Saturday, February 26, 2022

Review: '1968-1969' by Please

At the same time much of the rock world was descending from the cosmos toward more rustic planes in 1968/'69, drummer/singer/writer Peter Dunton was floating off to Neptune with his band Please. While the heavy drumming and riffing and overpowering organ recalled contemporary bands like Vanilla Fudge and Iron Butterfly, Dunton's weedy, reedy vocals were straight out of some circa-'67 fairyland and the songs were tight without any of those other groups' meandering jamming. 

Please could mix up the tempos, settling into a folky strum on "Watching" or powering through the speedy tempo of the genuinely exciting "Breakthrough", but the mood always remained murky, dreamy, and druggy. Perhaps the recording quality of the various demos Please left behind is as responsible for that mood as the songs and performances themselves. Pulled from tapes and acetates, Please's recordings are decidedly lo-fi, though many still manage to be quite dynamic with a rather big bottom. 

Originally released by Acme in 1998, this selection of sides titled 1968/1969 is now making it back to vinyl via Guerssen Records. Presumably not much is known about Please, since Guerssen's release is atypically light on historical liner notes, but there a few notes on the back of the cover and there's a lyric insert inside it. More importantly, the vinyl is flat, well-centered, and very quiet. Any noise is down to primitive sources, but even that is pretty minimal. I received the black vinyl version for review, but there's also a white vinyl one in a limited edition of 110 units.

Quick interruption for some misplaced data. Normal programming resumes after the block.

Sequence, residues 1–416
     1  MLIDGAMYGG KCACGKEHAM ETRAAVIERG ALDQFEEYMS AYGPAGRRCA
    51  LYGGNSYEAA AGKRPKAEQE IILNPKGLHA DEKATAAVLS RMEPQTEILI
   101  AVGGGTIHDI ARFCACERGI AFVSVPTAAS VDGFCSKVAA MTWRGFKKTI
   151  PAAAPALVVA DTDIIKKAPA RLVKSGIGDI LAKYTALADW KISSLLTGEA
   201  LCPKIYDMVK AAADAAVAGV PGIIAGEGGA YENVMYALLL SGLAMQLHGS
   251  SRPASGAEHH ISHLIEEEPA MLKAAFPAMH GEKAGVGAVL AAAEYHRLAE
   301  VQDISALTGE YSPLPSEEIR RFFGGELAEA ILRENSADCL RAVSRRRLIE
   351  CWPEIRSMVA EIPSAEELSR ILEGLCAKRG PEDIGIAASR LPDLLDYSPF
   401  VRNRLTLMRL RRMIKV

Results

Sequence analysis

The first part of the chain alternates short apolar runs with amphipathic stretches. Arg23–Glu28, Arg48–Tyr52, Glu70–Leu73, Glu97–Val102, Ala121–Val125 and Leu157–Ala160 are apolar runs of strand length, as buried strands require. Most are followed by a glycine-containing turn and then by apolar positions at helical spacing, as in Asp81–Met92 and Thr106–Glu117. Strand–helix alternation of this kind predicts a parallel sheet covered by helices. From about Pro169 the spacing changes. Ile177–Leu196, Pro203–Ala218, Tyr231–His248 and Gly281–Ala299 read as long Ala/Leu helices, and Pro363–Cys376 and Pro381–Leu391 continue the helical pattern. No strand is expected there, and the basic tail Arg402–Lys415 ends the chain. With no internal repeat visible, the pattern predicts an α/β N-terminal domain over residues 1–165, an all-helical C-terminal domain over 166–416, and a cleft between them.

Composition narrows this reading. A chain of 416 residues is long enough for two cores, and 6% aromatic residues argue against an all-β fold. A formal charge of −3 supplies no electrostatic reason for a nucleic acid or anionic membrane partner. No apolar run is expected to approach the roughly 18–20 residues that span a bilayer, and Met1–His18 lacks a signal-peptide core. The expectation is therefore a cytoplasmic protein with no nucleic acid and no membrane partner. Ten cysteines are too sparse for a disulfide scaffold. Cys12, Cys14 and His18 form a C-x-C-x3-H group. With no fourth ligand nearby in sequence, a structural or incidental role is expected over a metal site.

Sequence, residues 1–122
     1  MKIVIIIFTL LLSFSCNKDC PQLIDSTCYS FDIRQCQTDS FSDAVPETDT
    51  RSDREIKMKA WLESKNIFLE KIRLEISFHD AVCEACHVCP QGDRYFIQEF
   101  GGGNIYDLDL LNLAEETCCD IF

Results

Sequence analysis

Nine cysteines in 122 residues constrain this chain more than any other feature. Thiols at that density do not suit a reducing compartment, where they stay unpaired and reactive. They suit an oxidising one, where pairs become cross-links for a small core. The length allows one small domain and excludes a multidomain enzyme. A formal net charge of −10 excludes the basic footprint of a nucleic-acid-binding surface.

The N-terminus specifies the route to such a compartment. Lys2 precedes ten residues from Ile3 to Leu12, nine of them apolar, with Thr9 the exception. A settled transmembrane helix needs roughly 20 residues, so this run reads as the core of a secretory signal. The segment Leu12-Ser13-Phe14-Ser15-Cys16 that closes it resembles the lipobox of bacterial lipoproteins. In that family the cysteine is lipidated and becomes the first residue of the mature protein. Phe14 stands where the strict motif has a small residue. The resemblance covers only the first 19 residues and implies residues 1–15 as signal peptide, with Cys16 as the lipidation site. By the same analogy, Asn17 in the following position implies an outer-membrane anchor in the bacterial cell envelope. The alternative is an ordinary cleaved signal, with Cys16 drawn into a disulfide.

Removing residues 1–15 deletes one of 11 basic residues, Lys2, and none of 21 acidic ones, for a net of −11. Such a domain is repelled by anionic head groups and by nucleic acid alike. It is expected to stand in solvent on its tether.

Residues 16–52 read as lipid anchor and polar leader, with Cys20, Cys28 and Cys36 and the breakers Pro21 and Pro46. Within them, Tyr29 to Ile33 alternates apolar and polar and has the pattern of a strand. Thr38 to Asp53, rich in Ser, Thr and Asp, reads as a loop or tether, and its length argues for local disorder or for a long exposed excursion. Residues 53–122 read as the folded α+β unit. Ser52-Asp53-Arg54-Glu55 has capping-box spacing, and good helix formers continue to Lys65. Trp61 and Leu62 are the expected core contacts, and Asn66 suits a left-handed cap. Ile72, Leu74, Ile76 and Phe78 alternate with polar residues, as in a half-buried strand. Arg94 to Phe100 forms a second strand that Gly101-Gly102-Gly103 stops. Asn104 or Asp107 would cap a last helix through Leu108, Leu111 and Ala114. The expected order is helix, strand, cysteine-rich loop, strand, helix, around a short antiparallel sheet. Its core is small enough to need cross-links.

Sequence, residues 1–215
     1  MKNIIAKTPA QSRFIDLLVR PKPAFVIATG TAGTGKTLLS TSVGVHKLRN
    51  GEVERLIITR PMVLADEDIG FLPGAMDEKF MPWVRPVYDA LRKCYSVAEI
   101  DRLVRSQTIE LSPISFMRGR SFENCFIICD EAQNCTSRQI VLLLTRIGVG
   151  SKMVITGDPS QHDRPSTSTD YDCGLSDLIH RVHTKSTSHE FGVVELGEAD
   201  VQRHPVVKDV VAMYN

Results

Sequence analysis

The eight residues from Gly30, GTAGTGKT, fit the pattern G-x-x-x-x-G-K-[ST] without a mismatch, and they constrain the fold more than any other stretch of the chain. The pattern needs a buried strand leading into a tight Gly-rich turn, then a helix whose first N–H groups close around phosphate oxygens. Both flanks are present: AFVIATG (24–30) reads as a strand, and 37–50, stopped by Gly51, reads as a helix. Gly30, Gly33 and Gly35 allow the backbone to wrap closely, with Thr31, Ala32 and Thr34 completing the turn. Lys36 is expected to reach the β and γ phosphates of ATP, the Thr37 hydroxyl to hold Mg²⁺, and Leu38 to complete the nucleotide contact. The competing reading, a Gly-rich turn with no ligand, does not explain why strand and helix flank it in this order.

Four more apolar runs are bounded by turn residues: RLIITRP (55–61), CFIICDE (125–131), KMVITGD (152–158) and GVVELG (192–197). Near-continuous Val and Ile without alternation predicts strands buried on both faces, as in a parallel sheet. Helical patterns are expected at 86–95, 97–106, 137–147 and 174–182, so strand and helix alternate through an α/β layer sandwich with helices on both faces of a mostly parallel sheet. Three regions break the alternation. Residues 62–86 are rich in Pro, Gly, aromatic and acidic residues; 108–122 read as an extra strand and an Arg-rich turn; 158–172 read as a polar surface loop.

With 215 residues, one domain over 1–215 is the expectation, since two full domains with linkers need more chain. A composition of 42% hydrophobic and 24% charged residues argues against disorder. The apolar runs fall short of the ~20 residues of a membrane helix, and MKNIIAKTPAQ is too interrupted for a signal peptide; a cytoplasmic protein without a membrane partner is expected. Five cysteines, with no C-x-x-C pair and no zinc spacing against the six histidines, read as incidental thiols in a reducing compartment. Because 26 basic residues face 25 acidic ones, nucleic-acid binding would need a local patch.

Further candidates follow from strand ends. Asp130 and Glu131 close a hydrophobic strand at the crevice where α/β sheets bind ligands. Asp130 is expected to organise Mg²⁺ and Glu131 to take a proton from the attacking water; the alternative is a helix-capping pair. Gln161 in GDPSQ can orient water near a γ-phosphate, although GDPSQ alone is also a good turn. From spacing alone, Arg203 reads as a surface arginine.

Monday, February 21, 2022

Review: 'Loner at the Ball: The Life of Andy Warhol'

Andy Warhol was the most famous artist of his generation, but he was often criticized as an empty vessel replicating vacuous images of soup cans and celebrities. He was the best-known artist, but he was also seemingly unknowable. He was instantly recognizable because of his iconic look (wan demeanor, white skin, white wig) that seemed to be as much about personal branding as it was about personal style, but he was stoic, and when he did become relatively chatty during interviews, he tended to spin yarns or sell others’ stories as his own just as he sold the Campbell’s company’s designs as his. 

Thursday, February 3, 2022

Review: Wings' 'Wild Life', Half-Speed Mastered Vinyl Reissue

Paul McCartney couldn't catch a break after The Beatles broke up. While he attempted to reset his perfectionist aesthetic with McCartney, a rough collection of finished and inchoate songs on which he played all the instruments, critics ran him down for being sloppy, lazy, cute, and glib. Okay, they had a point, but when they continued to pile on when he allowed his inner perfectionist to reemerge, and he made the delightful RAM, so full of lively performances and well-crafted pop nuggets, it became clear that they had it in for Paul McCartney. So either as a means to fade into a combo to prove he wasn't the control freak his former bandmates painted him as or because he genuinely missed the camaraderie and collaboration of band-work, McCartney decided to put his name off to the side and form a new group. 

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